1. You’re right. Both Christian and secular media is guilty of producing cheap, commercialized “pop art.” The cheap “pop art” looks different in Christian publishing, but it’s the same in both cases. This brings to mind E. Stephen Burnett’s review of Star Trek: Into Darkness on Speculative Faith yesterday.

    I also agree that Christian art should take on the culture. “The culture” includes mainstream culture and its assumptions and irreverencies, but I think it also includes the same Christian culture that the Christian artist is a part of. I think all artists and writers need to honestly critique their own culture. That has always been one of the fundamental purposes of literature, I think. A Christian artist is a part of both cultures, and neither should be exempt from scrutiny.


    • I read Stephen’s article, Bainespal, but I haven’t seen the movie yet, so I’m not in a position to respond (frankly, I was left in the dark a lot).

      I think you make a great point about the Christian having a responsibility to critique our own culture–which is kind of layered. There’s the particular Christian culture and then the greater culture in which our Christianity exists. We sometimes need to focus on the particular culture of Christianity–which is why I think Christian fiction written for Christians is necessary (and is something general market publishers probably won’t produce in their general market lines).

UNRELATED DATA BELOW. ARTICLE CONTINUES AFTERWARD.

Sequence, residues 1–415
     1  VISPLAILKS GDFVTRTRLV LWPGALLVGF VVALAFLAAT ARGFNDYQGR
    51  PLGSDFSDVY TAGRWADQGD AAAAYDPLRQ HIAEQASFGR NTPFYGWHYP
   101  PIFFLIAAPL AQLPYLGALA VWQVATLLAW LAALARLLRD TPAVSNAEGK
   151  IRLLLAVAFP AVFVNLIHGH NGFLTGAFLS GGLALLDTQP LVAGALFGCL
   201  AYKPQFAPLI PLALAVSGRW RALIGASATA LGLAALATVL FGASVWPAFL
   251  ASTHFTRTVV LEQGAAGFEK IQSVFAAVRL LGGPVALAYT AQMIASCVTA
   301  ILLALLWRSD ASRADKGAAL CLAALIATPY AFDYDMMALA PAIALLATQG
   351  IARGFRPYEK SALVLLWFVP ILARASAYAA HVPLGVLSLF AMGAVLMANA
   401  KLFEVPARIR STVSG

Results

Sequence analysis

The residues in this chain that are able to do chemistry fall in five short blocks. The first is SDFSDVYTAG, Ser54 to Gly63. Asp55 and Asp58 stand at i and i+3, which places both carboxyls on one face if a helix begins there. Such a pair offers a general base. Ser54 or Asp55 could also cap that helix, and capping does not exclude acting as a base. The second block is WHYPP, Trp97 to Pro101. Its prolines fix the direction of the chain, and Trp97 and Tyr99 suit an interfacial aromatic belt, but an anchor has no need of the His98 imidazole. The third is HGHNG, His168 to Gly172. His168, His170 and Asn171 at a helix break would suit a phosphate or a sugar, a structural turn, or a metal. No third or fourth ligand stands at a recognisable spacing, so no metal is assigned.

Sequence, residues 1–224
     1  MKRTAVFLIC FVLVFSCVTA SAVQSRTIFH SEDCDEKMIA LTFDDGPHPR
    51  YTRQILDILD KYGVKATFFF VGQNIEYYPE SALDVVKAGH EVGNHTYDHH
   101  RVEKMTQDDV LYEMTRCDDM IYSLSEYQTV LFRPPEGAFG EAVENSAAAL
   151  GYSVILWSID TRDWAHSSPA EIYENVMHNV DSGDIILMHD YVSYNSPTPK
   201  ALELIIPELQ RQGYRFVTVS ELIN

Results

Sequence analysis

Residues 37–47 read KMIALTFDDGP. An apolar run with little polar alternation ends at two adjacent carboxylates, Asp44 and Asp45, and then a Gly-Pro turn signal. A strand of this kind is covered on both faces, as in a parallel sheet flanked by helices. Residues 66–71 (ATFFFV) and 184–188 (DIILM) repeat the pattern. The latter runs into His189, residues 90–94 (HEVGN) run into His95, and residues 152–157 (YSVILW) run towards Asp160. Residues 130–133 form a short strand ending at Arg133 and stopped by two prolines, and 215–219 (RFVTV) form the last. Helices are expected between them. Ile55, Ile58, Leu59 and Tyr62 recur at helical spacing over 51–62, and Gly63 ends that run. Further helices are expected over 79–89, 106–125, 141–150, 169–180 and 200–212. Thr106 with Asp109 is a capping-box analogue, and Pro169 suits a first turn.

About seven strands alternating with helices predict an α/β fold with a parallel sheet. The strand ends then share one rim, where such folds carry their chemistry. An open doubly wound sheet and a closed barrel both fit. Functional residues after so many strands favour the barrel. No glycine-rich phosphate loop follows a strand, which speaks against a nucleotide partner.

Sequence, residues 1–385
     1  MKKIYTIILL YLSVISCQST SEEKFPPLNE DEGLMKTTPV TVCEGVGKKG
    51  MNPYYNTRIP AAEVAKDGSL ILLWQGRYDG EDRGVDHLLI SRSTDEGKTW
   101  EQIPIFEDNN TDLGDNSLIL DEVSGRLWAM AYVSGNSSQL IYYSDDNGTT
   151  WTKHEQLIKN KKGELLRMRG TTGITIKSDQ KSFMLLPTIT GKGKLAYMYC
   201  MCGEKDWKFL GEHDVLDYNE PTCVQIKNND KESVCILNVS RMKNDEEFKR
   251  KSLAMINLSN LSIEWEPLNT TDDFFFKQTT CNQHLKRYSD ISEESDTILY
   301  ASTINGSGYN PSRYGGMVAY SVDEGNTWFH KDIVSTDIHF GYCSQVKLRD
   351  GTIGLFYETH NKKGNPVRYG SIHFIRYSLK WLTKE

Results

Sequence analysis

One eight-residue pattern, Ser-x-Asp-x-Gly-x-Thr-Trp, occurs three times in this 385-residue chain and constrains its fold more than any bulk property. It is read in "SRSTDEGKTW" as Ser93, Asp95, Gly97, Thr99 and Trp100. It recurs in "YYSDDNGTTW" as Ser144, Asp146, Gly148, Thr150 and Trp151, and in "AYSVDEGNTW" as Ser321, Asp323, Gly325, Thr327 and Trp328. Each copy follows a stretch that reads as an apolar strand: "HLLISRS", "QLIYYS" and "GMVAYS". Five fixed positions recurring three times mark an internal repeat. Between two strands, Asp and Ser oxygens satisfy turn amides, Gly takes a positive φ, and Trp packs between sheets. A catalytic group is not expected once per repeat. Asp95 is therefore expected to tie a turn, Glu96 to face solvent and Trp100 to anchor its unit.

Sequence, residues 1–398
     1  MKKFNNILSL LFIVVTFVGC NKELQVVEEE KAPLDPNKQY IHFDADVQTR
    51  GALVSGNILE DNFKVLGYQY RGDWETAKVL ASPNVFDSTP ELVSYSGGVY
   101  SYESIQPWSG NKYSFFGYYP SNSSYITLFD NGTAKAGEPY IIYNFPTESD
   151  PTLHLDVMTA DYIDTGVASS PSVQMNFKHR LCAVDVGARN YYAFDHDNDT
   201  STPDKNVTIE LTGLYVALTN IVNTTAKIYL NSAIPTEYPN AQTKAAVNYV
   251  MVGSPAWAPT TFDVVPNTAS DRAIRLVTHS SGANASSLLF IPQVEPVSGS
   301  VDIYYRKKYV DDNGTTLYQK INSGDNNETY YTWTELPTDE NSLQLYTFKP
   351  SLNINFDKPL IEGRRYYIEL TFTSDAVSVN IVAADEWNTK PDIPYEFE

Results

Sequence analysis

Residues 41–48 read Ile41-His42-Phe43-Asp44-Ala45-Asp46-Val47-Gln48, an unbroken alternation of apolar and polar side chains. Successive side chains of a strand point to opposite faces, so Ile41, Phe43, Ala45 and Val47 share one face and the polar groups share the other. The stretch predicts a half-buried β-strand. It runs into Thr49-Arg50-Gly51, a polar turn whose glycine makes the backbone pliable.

At the same time, we should be reaching beyond “navel gazing” (tongue in cheek to say, self-analysis has its place and purpose but shouldn’t be our entire focus).



  2. I had long experience with Christian artists and churches. In the later part of last century there were a number of Christian theology/arts colleges in Australia. I don’t know how many are still around. They were always very big on music and drama, because these skills could be integrated into church programs. Writers and craftspeople were usually well behind, although one college did have a silversmith.

    Artists have a difficult relationship with local churches. They need the support of an audience, but churches are made up of all sorts of ordinary people. Churches are based on people relating to other people. Craftspeople may have their main relationships in the transformation of the material world. Performers may have to spend time performing. I knew of many music groups who were in trouble with their churches for “not attending services” on Sunday, when they were actually attending and performing at services in other places.

    Artists are rare. They are often more questioning and less docile than the average pew-sitter. They are more likely to get recognition from larger denominational organisations. I recall that Madeleine L’Engle was writer-in-residence at the Cathedral of St John the Divine in New York.

    When churches support an artist it can be a trap. They expect something in return, something they can recognise. So instead of reaching out into the culture, artists have often been reduced to producing what their in-group financial supporters want to hear and see.

    I think writers may be in a better position here. Writing is a lonely occupation anyway. It has a smaller audience than film. Performers need an audience in front of them (unless they spend all their time in a studio). Writers can be quite separated from their audience and still cope quite well.

    That’s why I’m happy to be a writer and not, for example, a dancer. All who have seen me dance agree.